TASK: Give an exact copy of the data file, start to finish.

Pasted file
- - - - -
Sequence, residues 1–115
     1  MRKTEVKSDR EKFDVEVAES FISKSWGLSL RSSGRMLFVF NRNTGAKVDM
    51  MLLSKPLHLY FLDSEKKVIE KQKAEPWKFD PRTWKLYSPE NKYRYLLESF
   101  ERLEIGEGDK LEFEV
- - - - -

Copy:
Sequence, residues 1–115
     1  MRKTEVKSDR EKFDVEVAES FISKSWGLSL RSSGRMLFVF NRNTGAKVDM
    51  MLLSKPLHLY FLDSEKKVIE KQKAEPWKFD PRTWKLYSPE NKYRYLLESF
   101  ERLEIGEGDK LEFEV